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Did you know that the American Sign Language Interpreter Education Program at Wilson Community College is one of only a handful of interpreter education programs in the North Carolina Community College System? In fact, it was the second in the state to be established.
Another fun fact: ASL is the third most commonly-used language in the United States, and it’s classified as a foreign language. At WCC, we offer a degree and a certificate in the interpreter education program. The certificate is actually in deaf studies and for communication purposes only. For example, you may want to be able to communicate by using ASL with a deaf person at work and learn more about deaf culture. However, if you want to become a sign language interpreter, the associate of applied science degree in interpreter education is required.
Graduates from our program have many job opportunities available to them. They can work in the public school system as an educational interpreter and enjoy the benefits and variety that accompany that role. They can also work as a staff interpreter at several state agencies that employ or serve deaf people.
I bet most people would be surprised at the number of jobs available in the career field, too. Many of our students become freelance, or self-employed, sign language interpreters so they can enjoy the flexibility and variety that freelancing allows. Freelance interpreters provide interpreting services in a wide variety of settings like doctors’ offices, professional meetings, presentations, workshops, etc. They can set their own schedule, and if they don’t want to work on a Monday, they don’t have to! Freelance interpreters earn between $30 -$50 an hour, depending on their skill level and certification, and they typically work between 25-35 hours per week.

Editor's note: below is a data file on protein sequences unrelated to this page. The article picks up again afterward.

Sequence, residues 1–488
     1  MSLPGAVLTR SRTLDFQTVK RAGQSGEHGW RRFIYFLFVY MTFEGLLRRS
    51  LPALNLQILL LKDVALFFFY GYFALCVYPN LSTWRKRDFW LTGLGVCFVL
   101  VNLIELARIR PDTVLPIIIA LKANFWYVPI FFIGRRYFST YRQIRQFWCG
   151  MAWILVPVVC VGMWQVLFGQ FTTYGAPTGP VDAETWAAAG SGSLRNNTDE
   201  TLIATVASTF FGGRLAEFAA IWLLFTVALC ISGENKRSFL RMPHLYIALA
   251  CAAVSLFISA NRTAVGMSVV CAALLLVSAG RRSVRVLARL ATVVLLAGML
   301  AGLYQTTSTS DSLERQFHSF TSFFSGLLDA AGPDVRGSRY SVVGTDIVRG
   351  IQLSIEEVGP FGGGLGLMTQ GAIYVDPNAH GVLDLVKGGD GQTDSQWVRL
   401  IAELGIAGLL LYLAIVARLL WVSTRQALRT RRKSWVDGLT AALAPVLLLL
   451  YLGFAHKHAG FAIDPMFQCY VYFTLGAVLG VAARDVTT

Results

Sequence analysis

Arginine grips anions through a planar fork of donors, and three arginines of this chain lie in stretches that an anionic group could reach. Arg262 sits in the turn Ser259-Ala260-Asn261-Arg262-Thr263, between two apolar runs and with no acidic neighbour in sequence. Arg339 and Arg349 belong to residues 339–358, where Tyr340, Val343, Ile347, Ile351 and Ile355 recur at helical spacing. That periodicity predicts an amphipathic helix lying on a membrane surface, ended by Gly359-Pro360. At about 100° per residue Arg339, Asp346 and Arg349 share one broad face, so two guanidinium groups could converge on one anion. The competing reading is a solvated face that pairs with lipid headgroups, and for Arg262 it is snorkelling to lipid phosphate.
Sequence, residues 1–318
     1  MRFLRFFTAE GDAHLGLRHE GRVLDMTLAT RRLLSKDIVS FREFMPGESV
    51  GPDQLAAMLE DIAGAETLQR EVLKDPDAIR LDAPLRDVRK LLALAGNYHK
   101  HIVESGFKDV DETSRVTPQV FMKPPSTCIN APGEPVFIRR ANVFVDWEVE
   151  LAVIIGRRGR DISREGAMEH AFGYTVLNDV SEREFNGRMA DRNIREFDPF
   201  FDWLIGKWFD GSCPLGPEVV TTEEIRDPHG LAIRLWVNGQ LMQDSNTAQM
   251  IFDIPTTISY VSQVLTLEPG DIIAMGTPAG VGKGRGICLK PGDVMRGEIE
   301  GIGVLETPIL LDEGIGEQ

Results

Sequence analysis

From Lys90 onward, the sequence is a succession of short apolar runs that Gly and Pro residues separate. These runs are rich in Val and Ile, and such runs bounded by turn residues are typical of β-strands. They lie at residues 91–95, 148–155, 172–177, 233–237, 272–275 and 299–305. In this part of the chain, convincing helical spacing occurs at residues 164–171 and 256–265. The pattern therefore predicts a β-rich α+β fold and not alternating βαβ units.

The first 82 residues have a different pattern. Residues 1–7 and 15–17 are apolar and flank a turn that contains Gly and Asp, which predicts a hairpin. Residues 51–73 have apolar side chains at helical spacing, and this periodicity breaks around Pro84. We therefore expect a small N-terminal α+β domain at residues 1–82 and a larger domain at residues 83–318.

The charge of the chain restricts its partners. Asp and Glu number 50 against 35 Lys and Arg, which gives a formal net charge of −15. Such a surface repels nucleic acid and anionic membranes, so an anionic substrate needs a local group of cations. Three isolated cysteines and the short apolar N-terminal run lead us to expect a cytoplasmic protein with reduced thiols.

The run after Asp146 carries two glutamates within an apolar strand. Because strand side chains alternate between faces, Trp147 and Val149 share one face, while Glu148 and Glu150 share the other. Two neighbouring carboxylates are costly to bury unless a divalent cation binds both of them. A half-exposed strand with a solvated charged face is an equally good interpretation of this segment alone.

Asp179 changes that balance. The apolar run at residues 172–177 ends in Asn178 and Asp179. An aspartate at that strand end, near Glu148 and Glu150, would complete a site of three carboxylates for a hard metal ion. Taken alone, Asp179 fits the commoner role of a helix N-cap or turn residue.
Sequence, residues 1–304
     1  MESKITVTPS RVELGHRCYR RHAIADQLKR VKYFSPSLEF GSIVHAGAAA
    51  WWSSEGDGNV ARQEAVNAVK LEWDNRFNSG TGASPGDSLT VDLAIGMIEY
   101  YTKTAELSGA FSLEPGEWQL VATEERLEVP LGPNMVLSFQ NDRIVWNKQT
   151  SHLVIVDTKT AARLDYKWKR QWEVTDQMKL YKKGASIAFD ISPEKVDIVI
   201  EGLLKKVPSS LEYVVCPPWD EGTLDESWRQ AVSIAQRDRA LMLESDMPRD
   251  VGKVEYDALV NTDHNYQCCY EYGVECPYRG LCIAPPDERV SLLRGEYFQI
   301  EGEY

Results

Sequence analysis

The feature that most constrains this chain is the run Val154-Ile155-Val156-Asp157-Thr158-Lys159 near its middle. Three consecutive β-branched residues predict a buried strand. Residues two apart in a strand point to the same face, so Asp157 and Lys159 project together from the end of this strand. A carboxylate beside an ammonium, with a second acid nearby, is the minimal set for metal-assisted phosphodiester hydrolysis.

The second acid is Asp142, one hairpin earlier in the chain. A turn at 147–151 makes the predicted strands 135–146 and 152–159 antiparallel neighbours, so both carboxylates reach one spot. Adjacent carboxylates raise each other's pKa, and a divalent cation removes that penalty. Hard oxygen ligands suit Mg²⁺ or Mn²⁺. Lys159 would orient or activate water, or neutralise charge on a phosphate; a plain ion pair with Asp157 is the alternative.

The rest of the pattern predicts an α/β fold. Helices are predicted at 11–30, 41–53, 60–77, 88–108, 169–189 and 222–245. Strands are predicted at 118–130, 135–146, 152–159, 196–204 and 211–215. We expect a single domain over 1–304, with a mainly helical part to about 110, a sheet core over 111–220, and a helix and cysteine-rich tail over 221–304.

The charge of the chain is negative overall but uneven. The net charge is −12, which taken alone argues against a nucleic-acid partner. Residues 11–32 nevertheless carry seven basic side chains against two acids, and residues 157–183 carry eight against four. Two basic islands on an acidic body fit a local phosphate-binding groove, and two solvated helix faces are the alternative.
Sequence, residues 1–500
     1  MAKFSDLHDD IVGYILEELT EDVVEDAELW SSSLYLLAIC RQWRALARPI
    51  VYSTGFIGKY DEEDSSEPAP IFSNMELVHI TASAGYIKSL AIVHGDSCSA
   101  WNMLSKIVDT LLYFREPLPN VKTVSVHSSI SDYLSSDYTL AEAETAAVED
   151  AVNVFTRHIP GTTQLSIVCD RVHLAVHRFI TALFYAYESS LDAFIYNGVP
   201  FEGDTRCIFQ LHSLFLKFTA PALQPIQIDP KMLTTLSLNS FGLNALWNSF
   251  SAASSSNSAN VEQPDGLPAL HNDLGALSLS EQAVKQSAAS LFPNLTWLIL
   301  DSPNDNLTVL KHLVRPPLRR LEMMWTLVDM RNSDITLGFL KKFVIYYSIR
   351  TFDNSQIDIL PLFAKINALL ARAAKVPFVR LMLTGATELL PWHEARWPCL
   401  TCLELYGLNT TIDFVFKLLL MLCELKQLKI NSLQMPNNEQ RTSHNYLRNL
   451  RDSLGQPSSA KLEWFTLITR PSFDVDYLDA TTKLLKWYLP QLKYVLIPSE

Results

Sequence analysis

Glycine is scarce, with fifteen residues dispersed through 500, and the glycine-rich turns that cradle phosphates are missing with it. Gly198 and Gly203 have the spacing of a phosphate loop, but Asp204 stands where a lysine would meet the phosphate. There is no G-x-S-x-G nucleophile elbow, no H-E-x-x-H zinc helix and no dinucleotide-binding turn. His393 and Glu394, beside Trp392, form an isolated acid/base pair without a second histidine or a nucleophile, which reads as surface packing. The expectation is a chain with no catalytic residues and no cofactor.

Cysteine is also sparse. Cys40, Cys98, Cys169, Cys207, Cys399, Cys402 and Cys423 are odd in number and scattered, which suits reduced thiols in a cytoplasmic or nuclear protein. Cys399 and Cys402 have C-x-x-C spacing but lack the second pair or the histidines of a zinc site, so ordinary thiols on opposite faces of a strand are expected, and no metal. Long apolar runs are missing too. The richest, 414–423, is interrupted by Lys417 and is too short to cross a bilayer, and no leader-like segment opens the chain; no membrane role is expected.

One of the best things about becoming a sign language interpreter is the interaction with the deaf community. Our students understand the power and privilege that is inherent as an interpreter and know that interpreting is far more than a paycheck; they are allies with the deaf community. Deaf people are patrons of the same businesses and use the same services as people who can hear and are very appreciative and supportive of people who are trying to or want to learn their language. They will often spread the word in the deaf community when someone knows sign language so they can support that business.
For more information about the ASL program at Wilson Community College, contact Sheril Roberts, dean of college transfer and public services, at 252-246-1309, or Catherine Johnson, interpreter education instructor, at 252-246-1269.
• Thursday — Pre-Valentine’s Day movie night in the DelMastro Auditorium, 5 p.m.
• Feb. 20 — Black History Success Panel in the Eagles Center, noon.
• Feb. 25 — American Red Cross blood drive in the Eagles Center, 10 a.m. to 3 p.m.
• March 2 – Dress for Success Clothing Drive.
Jessica Bailey is the director of institutional advancement at Wilson Community College. She can be reached at email@example.com or 252-246-1271.